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assembly of men, women, and children ground, never respecting whether it were (invited by the report of them which first clean or soft, but dashed themselves in saw us, who as it seems, had in that time this manner on hard stones, knobby hilof purpose dispersed themselves into the locks, stocks of wood, and pricking country, to make known the news), who bushes, or whatever else lay in their way,

, came now the second time unto us, bring- iterating the same course again and again; ing with them, as before had been done,

yea, women, some nine or ten times each, feathers, and bags of tabah for presents, and others holding out till 15 or 16 times or rather indeed for sacrifices, upon this (till their strength failed them) exercised persuasion that we were gods.

this cruelty against themselves: a thing When they came to the top of the hill, more grievous for us to see or suffer, could at the bottom whereof we had built our we have helped it, than trouble to them fort, they made a stand; where one (ap- (as it seemed) to do it. This bloody sacripointed as their chief speaker) wearied fice (against our wills) being thus perboth us his hearers, and himself too, with formed, our General, with his company, a long and tedious oration; delivered with in the presence of those strangers, fell strange and violent gestures, his voice to prayers; and by signs in lifting up our being extended to the uttermost strength eyes and hands to heaven, signified unto of nature, and his words falling so thick them that that God whom we did serve, one in the neck of another, that he could and whom they ought to worship, was hardly fetch his breath again: as soon as above: beseeching God, if it were his he had concluded, all the rest, with a good pleasure, to open by some means reverent bowing of their bodies in a their blinded eyes, that they might in dreaming manner, and long producing of due time be called to the knowledge of the same) cried Oh: thereby giving their him, the true and ever-living God, and of consents that all was very true that he had Jesus Christ whom he hath sent, the salvaspoken, and that they had uttered their tion of the Gentiles. In the time of which mind by his mouth unto us; which done, prayers, singing of Psalms, and reading the men laying down their bows upon the of certain chapters in the Bible, they sat hill, and leaving their women and children very attentively: and observing the end behind them, came down with their pres- at every pause, with one voice still cried, ents; in such sort as if they had appeared Oh, greatly rejoicing in our exercises. before a God indeed, thinking themselves Yea they took such pleasure in our singing happy that they might have access unto of Psalms, that whensoever they resorted our General, but much more happy when to us, their first request was commonly they saw that he would receive at their this, gnaáh, by which they entreated that hands those things which they so willingly we would sing. had presented: and no doubt they thought Our General having now bestowed upon themselves nearest unto God when they them divers things, at their departure they sat or stood next to him. In the mean- restored them all again, none carrying with time, the women, as if they had been him anything of whatsoever he had redesperate, used unnatural violence against ceived, thinking themselves sufficiently themselves, crying and shrieking piteously, enriched and happy that they had found tearing their flesh with their nails from so free access to see us. their cheeks in a monstrous manner, the Against the end of three days more (the blood streaming down along their breasts, news having the while spread itself farther, besides despoiling the upper parts of their and as it seemed a great way up into the bodies of those single coverings they country), were assembled the greatest formerly had, and holding their hands number of people which we could reasonabove their heads that they might not ably imagine to dwell within any conrescue their breasts from harm, they venient distance round about. Amongst would with fury cast themselves upon the the rest the king himself, a man of a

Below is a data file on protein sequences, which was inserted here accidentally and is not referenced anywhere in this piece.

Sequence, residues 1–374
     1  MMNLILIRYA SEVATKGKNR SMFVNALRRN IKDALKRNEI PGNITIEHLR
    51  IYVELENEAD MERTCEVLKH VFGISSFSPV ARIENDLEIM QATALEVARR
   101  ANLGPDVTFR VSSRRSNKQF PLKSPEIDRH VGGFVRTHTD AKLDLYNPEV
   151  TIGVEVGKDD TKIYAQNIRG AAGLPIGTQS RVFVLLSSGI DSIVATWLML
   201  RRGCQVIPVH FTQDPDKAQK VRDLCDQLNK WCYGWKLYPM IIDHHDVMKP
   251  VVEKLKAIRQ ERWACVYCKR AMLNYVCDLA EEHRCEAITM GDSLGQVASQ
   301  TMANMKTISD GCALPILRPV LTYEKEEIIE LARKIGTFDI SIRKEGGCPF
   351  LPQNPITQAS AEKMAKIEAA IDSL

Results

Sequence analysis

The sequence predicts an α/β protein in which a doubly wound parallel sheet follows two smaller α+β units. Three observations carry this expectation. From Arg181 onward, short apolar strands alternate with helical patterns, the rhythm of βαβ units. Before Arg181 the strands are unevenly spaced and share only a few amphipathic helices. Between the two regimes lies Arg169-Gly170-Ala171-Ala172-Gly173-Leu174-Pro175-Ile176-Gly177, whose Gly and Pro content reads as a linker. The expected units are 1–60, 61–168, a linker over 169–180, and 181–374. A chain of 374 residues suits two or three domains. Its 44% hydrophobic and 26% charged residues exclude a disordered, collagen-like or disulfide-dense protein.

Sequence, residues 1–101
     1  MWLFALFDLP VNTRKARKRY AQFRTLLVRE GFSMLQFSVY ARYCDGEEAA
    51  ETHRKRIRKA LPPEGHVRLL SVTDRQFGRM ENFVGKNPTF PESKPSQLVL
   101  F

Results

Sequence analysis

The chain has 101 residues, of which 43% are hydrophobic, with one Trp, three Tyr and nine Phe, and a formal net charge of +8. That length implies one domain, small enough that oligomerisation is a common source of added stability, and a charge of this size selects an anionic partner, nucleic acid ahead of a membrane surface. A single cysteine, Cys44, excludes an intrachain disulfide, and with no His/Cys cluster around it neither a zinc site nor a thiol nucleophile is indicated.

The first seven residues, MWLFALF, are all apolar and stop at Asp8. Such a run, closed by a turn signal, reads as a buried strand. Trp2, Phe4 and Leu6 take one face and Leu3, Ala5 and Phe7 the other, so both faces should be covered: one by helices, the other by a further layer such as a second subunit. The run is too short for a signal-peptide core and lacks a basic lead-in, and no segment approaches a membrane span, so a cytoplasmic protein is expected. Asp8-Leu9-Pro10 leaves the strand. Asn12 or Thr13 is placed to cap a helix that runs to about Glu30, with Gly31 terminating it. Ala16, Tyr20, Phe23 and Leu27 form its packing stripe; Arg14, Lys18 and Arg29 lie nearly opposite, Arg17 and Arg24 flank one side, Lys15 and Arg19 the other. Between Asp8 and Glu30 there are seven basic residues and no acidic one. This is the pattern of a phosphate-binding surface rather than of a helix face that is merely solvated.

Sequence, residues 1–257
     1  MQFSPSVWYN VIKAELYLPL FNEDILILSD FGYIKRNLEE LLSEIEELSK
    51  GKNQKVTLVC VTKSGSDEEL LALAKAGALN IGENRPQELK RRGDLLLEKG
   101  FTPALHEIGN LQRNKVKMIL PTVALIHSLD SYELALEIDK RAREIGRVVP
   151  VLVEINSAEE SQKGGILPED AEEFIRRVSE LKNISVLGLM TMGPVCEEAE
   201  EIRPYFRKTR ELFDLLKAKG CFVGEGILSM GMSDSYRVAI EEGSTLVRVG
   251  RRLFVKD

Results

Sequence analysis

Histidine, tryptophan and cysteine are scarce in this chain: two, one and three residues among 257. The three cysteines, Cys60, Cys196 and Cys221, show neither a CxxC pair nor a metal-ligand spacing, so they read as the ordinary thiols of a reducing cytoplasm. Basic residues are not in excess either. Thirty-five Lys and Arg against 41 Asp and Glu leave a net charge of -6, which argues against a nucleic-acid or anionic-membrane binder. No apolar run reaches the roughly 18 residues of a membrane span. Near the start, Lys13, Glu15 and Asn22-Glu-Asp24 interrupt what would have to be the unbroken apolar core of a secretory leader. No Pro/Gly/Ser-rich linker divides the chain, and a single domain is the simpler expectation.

goodly stature and comely personage, yet are stinted what number they shall use, attended with his guard of about 100 tall as some ten, some twelve, some twenty, and warlike men, this day, viz., June 26, and as they exceed in number of chains, came down to see us.